This Robot can follow any line and can reach its destination automatically, by tracking any line. This can be used to move to places in factories and industries to move anything without any control of a user or computer. This moves based on the sensor data that the IR Sensor gives as output. The sensor works on the principle of reflection and refraction of light. Infrared light bends more as compared to visible light (i.e. VIBGYOR). And we know that black colour absorbs most of the light which is falling on it (Basically black colour is anything that we cannot see, there is no colour, called black). Similarly here also when the IR Led is perpendicular to the line, it absorbs and does not reflect the light black. Whereas when the IR Led is perpendicular to any other colour, it reflects back the Infrared light. When the left sensor reflects the Infrared light, and the right does not, it means that the robot must move towards the right and vice versa. Again when both sensors reflect the Infrared light, the robot must move straight and when both sensors do not reflect any Infrared light, the robot stops moving. By this principle the robot works. In this project, we will build this robot using raspberry pi pico. So, we will use Thonny IDE to program our Rasperry Pi. For a better understanding, you can check out our perviously built raspberry pi pico based projects.
Previously, we built some line follower projects using different microcontrollers,
- Line Follower Robot using Arduino
- Line Follower Robot using 8051 Microcontroller
- Line Follower Robot Using MSP430 LaunchPad
- Line Follower Robot using AVR Microcontroller ATmega16
- Line Follower Robot using PIC Microcontroller
- How to Make Line Following Robot without using Microcontroller
Component Required for Line Following Robot
Project Used Hardware
- Raspberry Pi Pico
- L298N Motor Driver
- 2x IR Sensor
- 12V Battery
- 4x Motors
- 4x Wheels
Project Used Software
- Thonny IDE
Hardware and Software Selection
For this project, I have selected the Raspberry Pi Pico because it is a newly launched board with much more advanced features. Before the launch of this new microcontroller board, I was experimenting with various arduinos for building a line following robot. Then finally I realized it will be better to use a small arduino board or ony microcontroller IC such as Atmega328P for this project, since it will reduce the size and weight of the robot. This will also consume less current compared to others. But after the launch of this new advanced board, in the past January, 2021 I planned to make the robot with Raspberry Pi Pico. The first and the foremost reason behind this is that this board will consume very low current, besides the most amazing fact is that this board has a on-board buck-boost converter that enables us to use this board in just a very limited amount of voltage, as low as 1.5 V.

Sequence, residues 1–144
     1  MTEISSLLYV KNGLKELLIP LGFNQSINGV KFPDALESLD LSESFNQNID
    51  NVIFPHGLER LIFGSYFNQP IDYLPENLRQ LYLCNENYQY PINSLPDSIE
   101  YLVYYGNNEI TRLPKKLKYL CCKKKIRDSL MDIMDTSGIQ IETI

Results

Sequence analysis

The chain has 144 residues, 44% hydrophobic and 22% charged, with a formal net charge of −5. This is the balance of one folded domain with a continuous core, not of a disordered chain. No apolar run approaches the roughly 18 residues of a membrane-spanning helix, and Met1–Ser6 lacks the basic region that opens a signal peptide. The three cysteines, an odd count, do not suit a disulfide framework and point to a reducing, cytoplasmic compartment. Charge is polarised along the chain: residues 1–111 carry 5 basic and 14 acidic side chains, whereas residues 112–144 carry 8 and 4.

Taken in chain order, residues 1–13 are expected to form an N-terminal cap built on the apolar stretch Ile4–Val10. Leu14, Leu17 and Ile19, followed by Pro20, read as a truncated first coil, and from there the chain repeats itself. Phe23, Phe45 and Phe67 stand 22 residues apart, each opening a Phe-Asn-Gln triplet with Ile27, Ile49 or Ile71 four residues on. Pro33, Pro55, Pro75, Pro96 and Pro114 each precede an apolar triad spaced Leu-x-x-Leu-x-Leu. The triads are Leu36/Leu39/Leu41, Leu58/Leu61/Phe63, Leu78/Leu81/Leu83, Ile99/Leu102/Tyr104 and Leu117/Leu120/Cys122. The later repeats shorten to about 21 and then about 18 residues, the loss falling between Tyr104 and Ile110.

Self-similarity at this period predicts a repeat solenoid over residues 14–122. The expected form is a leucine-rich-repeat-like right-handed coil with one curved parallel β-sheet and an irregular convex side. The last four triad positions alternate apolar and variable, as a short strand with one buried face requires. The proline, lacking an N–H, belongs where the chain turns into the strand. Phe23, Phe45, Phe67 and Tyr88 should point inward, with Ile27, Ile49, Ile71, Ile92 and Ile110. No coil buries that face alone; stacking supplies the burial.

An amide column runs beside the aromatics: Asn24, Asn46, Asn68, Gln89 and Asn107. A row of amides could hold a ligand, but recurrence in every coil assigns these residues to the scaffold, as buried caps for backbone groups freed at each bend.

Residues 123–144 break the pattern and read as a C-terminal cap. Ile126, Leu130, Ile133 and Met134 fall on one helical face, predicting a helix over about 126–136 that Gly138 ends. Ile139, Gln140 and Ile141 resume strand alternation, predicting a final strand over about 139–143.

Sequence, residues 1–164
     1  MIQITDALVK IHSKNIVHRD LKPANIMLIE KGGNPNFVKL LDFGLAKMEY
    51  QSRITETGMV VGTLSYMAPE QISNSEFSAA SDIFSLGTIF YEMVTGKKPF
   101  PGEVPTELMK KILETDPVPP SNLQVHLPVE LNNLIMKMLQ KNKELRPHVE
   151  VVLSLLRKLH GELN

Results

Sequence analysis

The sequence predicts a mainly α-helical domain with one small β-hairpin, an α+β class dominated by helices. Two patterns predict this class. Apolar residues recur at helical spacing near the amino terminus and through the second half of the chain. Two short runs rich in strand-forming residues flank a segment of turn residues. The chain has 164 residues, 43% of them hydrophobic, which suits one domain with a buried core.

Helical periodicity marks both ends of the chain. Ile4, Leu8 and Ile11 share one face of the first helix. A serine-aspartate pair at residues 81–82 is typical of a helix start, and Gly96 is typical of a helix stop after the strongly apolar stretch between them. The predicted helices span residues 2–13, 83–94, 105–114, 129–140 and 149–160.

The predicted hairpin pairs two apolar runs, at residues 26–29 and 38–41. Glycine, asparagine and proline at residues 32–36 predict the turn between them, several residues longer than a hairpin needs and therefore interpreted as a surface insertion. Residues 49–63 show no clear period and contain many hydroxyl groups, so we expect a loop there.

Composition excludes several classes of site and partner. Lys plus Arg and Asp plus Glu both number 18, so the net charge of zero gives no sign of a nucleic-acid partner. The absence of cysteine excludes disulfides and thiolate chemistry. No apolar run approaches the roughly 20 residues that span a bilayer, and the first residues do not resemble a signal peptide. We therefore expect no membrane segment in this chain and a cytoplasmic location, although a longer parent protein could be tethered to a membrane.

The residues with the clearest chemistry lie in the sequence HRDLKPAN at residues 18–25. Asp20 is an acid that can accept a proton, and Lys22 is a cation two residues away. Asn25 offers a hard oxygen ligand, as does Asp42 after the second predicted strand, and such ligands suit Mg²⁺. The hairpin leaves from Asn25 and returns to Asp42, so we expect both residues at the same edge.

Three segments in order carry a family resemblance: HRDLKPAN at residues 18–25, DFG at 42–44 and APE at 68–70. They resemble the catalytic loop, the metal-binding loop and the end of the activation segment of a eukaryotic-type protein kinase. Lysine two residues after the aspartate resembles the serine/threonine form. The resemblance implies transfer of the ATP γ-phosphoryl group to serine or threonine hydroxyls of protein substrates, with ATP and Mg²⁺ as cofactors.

Now for the software in case, we can use either Thonny IDE or Arduino IDE. But I have chosen Thonny IDE because this IDE enables us to use MicroPython and Circuit Python for programming. Since Python requires very less coding compared to Arduino and C++, I have chosen this platform for programming. I have chosen the Raspberry Pi Pico because it is way better as it has a clock frequency of 133 MHz compared to the Arduino Nano which has a clock frequency of 16 MHz. Also, it has many more features like the built-in Temperature Sensor(although it has no use in this project). So in comparison with Arduino Nano, the Raspberry Pi Pico is a way better option to choose. The IR Sensor can be replaced with other kinds of Lidar Sensors.
Line Following Robot Circuit Diagram
Here the two IR Sensors are connected to the Gpio pin 2 and 3 of the Pi Pico. The Motor Driver pins are connected to the Gpio Pins 10,11,12 and 13 of the Pi Pico. The enable pins are connected to the Gpio pins 6 and 7 of the Pi Pico. These Pins exchange PWM signals between the Pi Pico and the Motor Driver.
# Raspberry Pi Pico based Line Following Robot from machine import Pin,PWM #importing PIN and PWM import time #importing time import utime # Defining motor pins motor1=Pin(10,Pin.OUT) motor2=Pin(11,Pin.OUT) motor3=Pin(12,Pin.OUT) motor4=Pin(13,Pin.OUT) # Defining enable pins and PWM object enable1=PWM(Pin(6)) enable2=PWM(Pin(7)) # Defining right and left IR digital pins as input right_ir = Pin(2, Pin.IN) left_ir = Pin(3, Pin.IN) # Defining frequency for enable pins enable1.freq(1000) enable2.freq(1000) # Setting maximum duty cycle for maximum speed enable1.duty_u16(65025) enable2.duty_u16(65025) # Forward def move_forward(): motor1.low() motor2.high() motor3.high() motor4.low() # Backward def move_backward(): motor1.high() motor2.low() motor3.low() motor4.high() #Turn Right def turn_right(): motor1.low() motor2.high() motor3.low() motor4.high() #Turn Left def turn_left(): motor1.high() motor2.low() motor3.high() motor4.low() #Stop def stop(): motor1.low() motor2.low() motor3.low() motor4.low() while True: right_val=right_ir.value() #Getting right IR value(0 or 1) left_val=left_ir.value() #Getting left IR value(0 or 1) print(str(right_val)+"-"+str(left_val)) # Controlling robot direction based on IR value if right_val==0 and left_val==0: move_forward() elif right_val==1 and left_val==0: turn_right() elif right_val==0 and left_val==1: turn_left() else: stop()